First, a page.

Sometimes, genre fusion just seems to make obvious sense. For instance, mixing action games with RPG elements appears as logical as pairing peanut butter and jelly. But some combinations don't have such apparent synergy. If someone asked me what I thought of mixing Angry Birds with tower defense, I'd say they were trying to cash in on two financially proven ideas at once in the hopes of creating a magical, money-printing machine. And yet, here comes CastleStorm, a game that combines the two in a unique "peanut butter and chocolate" sort of way.
Here's the gist: You have a castle, and your opponent on the other side of the stage has one too. Your overarching goal is to bring down your enemy's stronghold while defending your own, which sounds simple enough, but rather than revolving around one mechanic like the games it's born from, CastleStorm gives you several to toy with at once. The primary one is your castle's ballista, which you aim and fire much like you would a certain, popular, ill-tempered bird. Using your arsenal of homing eagles, flying sheep, and many more, you'll try to reduce your enemy's lair to rubble.
The second major component revolves around sending soldiers out to raze the opposition's gates, grab their flag, and return home with it. This is where the game starts showing its tower defense and RTS inspirations. Offensively, you need to manage your food and supply resources while sending out mixed groups of units to overwhelm those of the bad guy's. Meanwhile, using your ballista to pluck off groups of encroaching goons before they nab your flag feels very tower defense-like, especially since certain ammo types are more effective against particular baddies.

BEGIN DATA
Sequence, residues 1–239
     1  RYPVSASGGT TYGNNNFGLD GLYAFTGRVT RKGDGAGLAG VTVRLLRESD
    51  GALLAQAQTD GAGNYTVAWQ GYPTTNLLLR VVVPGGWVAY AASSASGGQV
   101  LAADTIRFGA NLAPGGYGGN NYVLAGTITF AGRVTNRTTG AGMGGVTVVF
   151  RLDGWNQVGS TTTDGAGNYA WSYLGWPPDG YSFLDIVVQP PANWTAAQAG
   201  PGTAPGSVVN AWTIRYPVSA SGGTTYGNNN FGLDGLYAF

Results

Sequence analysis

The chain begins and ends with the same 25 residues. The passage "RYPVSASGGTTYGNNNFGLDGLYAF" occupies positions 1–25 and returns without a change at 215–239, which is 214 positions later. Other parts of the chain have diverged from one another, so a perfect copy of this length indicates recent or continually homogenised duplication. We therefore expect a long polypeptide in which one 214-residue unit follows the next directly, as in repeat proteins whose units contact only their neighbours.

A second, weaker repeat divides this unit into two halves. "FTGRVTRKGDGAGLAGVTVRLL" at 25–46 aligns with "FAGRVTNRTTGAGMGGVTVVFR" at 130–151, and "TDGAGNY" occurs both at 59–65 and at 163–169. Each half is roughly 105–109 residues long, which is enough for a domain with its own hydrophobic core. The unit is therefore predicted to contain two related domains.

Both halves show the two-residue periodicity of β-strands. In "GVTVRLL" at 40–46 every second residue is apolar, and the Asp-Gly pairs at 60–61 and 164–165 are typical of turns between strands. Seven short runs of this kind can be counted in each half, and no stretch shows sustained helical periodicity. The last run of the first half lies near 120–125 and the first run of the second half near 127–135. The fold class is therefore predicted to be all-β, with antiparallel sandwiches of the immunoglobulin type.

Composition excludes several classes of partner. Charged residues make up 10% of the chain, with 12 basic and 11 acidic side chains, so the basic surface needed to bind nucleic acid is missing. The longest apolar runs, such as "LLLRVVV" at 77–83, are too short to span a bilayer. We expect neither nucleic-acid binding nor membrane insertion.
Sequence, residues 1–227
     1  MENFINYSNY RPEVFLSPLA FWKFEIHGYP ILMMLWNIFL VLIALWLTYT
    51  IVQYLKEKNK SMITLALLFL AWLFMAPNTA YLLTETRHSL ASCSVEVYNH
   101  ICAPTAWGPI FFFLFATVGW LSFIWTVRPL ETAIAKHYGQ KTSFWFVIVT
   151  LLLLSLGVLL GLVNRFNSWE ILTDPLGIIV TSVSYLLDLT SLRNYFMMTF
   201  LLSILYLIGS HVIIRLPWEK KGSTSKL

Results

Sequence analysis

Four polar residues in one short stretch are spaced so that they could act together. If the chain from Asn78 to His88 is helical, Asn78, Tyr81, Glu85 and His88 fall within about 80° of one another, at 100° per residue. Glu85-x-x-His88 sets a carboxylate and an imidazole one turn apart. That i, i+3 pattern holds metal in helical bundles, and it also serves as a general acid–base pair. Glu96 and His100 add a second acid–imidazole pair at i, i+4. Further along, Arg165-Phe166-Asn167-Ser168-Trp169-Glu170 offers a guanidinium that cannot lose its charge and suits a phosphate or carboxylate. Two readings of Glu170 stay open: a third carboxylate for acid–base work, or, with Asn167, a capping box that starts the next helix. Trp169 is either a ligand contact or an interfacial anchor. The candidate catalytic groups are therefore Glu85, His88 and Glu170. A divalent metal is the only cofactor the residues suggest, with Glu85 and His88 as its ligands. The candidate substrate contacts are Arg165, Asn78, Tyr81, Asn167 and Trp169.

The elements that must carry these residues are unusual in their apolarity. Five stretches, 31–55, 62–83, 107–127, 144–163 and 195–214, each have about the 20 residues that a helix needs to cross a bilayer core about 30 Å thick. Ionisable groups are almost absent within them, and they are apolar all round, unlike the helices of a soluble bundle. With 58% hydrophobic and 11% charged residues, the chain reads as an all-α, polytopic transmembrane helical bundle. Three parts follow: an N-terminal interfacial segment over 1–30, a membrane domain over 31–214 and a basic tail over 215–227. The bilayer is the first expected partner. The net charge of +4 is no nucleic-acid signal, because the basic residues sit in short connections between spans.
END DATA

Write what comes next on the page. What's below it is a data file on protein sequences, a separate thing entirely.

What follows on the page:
It doesn't end there, either, with a mix of magic spells at your disposal, as well as a deployable hero unit that you control directly to cut swathes through enemy ranks in limited bursts, there's a lot going on at once. It may sound like too much, but the controls are laid out well enough that once you get familiar, you can juggle all of these elements at will, making for some really satisfying battles.
As fun as the combat itself is, though, the feature that's really going to give the online and local multiplayer legs is the castle editor, where you get to build your fortress from scratch or load up and edit an existing design. How you build your castle determines what units you can field, how much food and supply you have, and how quickly you generate resources. You've also got to consider structural integrity, since castle damage is physics-based as well. Poor construction means your opponent could target one key area and bring the rest toppling down in one fell swoop. Think of it like trying to design a level of Angry Birds that's impossible to 3-star.
Before I played it, I hadn't even heard of it, but now that I have, I'm hungry for more CastleStorm. It mixes simple, second-to-second fun with surprisingly deep tactical and strategic options in a charming, fantasy-based package. Look for it on XBLA this March.